But everything seemed to go bonkers in Europe all at once, perhaps because the auto industry continues to roll over on fears that the Volkswagen  (VLKAY)  rigging could extend to other car companies and 70% of Europe revolves around the sale of cars. Next thing you know,  by six a.m. they are down 1% so we are down 1%, in keeping with the adage that we reflect whatever's worst in the world right now. 

And then it just got horrendous when Caterpillar (CAT) - Get Report, a big Dow Jones stock, announced a pretty shocking shortfall of $1 billion in sales on a $49 billion basis and, more importantly, layoffs of perhaps as many as 10,000 people because of that shortfall and weakness in a number of end markets.

CAT was bizarrely honest about things, pointing out twice in its release that this is the third consecutive year for down sales and revenues and that at this pace 2016 could be the first time in its  90 year history that CAT's had down sales for four years in a row.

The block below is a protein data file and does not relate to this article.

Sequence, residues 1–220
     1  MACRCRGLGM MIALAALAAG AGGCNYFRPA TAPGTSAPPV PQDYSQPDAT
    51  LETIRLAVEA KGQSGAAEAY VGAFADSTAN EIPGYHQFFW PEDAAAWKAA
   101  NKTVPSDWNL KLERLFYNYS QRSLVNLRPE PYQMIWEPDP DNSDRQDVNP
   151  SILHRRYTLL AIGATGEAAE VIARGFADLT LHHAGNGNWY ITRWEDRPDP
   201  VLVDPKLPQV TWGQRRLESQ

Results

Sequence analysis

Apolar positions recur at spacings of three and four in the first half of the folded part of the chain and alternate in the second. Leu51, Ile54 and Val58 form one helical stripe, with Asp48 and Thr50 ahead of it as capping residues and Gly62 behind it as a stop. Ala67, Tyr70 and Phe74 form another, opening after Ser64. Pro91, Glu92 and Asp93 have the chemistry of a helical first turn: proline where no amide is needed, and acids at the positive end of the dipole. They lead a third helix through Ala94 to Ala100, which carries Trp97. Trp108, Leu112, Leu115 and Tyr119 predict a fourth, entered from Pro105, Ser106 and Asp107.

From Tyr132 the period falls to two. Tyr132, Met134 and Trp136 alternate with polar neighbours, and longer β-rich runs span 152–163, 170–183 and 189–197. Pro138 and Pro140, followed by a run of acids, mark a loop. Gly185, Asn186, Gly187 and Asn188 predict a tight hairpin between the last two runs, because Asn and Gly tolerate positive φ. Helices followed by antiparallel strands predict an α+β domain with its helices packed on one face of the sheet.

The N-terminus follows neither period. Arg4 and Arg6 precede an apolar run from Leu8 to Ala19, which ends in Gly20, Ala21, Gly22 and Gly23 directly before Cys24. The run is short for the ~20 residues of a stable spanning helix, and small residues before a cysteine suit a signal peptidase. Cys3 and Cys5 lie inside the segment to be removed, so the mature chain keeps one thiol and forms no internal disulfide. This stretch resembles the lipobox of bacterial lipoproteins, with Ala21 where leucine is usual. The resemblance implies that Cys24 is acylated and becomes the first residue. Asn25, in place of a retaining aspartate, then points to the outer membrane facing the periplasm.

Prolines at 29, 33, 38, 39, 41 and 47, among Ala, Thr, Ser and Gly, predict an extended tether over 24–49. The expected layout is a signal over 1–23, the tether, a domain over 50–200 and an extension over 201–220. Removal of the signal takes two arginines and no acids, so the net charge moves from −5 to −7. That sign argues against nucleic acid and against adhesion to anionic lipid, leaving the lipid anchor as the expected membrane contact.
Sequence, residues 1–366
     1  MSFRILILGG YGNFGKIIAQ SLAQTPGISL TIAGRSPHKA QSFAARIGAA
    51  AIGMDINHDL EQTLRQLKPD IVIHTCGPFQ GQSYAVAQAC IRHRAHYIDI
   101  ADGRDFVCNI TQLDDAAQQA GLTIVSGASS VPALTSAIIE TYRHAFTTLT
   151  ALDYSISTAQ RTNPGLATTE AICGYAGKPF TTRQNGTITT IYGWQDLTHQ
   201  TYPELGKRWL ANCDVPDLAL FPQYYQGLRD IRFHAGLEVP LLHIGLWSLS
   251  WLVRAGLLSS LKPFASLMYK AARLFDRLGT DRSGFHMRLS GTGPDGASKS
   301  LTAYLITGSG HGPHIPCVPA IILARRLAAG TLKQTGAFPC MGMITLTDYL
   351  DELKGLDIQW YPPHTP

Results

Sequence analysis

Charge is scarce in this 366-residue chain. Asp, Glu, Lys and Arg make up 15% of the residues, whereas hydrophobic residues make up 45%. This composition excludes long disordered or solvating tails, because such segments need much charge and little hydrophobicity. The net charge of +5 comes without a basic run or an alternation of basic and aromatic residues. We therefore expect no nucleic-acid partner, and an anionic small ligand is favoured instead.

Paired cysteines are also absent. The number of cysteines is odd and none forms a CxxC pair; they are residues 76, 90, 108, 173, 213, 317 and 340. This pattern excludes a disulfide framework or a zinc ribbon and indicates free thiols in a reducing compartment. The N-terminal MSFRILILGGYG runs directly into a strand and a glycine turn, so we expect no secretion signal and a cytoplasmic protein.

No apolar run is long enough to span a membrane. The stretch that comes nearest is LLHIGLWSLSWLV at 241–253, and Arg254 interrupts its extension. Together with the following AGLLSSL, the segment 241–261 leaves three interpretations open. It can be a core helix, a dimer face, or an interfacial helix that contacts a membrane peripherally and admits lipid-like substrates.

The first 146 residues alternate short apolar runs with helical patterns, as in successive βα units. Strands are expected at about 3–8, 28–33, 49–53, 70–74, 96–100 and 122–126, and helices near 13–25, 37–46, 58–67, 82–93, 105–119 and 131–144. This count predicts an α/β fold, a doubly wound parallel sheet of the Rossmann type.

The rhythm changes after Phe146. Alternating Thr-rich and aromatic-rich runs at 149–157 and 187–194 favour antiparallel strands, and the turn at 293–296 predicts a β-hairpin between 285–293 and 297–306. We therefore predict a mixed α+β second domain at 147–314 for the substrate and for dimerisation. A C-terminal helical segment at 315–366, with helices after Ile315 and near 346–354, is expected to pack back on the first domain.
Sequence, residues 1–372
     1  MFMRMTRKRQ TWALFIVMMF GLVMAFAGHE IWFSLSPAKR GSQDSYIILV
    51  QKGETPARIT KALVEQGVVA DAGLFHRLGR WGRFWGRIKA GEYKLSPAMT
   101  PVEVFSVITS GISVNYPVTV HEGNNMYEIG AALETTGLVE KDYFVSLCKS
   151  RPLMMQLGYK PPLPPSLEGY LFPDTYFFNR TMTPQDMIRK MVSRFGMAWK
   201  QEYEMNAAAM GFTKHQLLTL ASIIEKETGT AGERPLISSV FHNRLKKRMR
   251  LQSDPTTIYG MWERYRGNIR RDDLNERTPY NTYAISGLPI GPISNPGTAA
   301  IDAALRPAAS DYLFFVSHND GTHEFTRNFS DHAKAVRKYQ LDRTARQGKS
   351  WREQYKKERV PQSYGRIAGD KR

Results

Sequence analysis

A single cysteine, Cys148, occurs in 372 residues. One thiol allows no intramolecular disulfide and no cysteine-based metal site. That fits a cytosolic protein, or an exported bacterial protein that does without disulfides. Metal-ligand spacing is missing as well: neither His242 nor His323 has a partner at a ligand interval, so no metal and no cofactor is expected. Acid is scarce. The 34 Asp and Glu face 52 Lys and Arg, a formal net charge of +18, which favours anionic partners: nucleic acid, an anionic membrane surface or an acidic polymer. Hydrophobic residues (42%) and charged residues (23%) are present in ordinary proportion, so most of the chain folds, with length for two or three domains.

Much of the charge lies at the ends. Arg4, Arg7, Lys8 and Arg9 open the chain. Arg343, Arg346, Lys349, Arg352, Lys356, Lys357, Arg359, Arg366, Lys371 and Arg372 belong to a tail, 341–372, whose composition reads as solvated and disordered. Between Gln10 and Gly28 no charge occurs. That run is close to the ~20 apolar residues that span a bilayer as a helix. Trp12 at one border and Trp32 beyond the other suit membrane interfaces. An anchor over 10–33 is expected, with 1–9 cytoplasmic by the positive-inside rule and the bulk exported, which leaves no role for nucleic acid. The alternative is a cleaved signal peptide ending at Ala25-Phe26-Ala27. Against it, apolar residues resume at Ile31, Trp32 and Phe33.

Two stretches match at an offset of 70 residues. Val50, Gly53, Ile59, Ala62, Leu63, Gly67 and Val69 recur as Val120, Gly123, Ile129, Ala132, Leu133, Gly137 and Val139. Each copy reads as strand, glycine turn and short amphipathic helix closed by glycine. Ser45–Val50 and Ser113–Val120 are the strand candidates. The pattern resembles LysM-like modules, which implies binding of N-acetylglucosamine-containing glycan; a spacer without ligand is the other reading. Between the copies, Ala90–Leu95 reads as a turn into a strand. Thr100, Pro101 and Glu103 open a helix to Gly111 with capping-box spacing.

That's an astonishing fact, given that CAT's been through a heck of a lot of downturns as well as the Great Recession and the Great Depression.

Yet it makes sense, plenty of sense, because CAT is at the epicenter of the old mining and manufacturing economy. In fact, the weaknesses stem from end markets in construction industries, resource industries and energy and transportation, which is really the big old three of what drives world growth.

Now, how surprising was this announcement, given that Caterpillar's stock has been in a one-way motion - down -- ever since peaking in February of 2012, when China first started making noise about economic weakness? Caterpillar's one of the few American companies that has done fabulously in China because of its natural resources bent, particularly coal.

The world, however, has turned against coal, and it's not coming back. CAT has so much invested in material handling machines that line up with coal, and this business is contracting far more quickly than anyone thought possible even a few years ago.